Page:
Review: RSC's The Winter's Tale (BBC Four)
The stage show premieres on screen
The RSC has been very keen to get its version of Shakespeare's problematic late play seen. When a stage version planned for 2020 was cancelled, it kept the original cast and concept and the BBC stepped in to offer a slot as part of its excellent Lights Up season. This marks the first time the RSC will ever have premiered a production on screen.
What's odd then, is that director Erica Whyman seems to have no particular view of the play she wants to get across. Maybe I am missing something, but short of shifting the action, first to the 1950s when the play opens in Sicily and the jealous Leontes accuses his wife Hermione of having an affair with his best friend, and then to 16 years later in the swinging '60s in Bohemia, there is no radical rethinking on offer.
There are gimmicks (pop songs for the shepherds, the peddlar Autolycus on a Vespa scooter, a black and white news broadcast of Hermione's trial for adultery). There are even odd moments of inspiration such as the one where Hermione sweeps a great white silk shroud out of the air and magics it around her abandoned daughter, Perdita. Tom Piper's set, a screen of grilles that open and close according to the mood – dark and imprisoning for the early part, airy when hope begins to spring – is simple but effective.
But there is no arc of understanding that suggests how we should treat this troublesome yet uplifting drama and make sense of its great swings of sense and sentiment. Is Leontes a petty tyrant or a man gone mad? Does Hermione ever forgive him? Can the lost child who is found ever heal the wounds? I really don't have much sense by the close.
Worst of all, though the play has been restaged for TV, no one seems to have thought much about how it will come over on screen. There is a lot of theatrical shouting and gesturing. Joseph Koska's Leontes seems to be addressing some of his mad soliloquies and his dictatorial demands directly to camera; at other times he looks at a non-existent audience. There is a lack of focus which undermines the performance. Good ideas – the news reel, cinefilm of the shepherds' party at the sheep shearing – are used inconsistently. The most famous stage direction in Shakespeare – "exit, pursued by a bear" – which might have benefited from TV, is reduced to a stylised dance.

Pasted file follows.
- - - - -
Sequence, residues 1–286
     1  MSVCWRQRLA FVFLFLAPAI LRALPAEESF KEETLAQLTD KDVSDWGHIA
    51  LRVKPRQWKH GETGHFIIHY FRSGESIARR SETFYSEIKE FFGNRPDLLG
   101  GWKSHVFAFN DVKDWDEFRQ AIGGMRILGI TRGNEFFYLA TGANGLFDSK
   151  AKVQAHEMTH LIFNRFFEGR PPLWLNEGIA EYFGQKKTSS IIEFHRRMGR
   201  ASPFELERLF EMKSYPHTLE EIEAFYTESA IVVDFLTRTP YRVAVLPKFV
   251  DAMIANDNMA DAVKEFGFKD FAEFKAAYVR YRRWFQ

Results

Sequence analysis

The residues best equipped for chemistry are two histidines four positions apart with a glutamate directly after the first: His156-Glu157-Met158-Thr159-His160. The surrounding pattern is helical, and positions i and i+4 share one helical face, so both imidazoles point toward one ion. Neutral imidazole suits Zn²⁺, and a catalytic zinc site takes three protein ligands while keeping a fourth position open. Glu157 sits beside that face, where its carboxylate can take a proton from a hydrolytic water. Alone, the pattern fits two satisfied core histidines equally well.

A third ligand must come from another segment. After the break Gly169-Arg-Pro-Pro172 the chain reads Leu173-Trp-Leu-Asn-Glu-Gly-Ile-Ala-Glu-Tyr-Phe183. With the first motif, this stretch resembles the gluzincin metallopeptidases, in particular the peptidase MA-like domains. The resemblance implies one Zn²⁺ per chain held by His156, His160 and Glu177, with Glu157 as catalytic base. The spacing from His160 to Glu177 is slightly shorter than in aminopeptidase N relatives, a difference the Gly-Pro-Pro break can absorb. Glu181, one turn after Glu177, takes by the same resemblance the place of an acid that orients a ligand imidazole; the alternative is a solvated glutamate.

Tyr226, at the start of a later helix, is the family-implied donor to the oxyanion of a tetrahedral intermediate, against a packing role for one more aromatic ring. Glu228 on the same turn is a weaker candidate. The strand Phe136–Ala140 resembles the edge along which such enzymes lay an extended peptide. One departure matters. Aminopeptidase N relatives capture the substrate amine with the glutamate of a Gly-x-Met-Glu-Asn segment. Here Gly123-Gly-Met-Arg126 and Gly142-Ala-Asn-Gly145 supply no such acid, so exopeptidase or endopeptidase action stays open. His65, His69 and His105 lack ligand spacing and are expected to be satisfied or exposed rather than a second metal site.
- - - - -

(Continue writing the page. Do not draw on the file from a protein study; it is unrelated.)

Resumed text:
There are pluses. Kemi-Bo Jacobs' as Hermione has a dignity and directness that a lot of the action around her lacks; Georgia Landers and Assad Zaman find warmth and delicacy in their playing of the young lovers Perdita and Florizel. And William Grint, one of two D/deaf actors in the production, is a joy as the hopeless and hapless young shepherd. He and Bea Webster as Emilia, use BSL to communicate; the sign language is beautifully integrated into the production and there is also a full signed version available online.
That is another plus, making Shakespeare as widely available as possible. But what a shame that this is in other respects so old-fashioned and under-cooked a production. I love this knotty, difficult play and am always hoping for new insights into its poetry. This feels like an opportunity missed.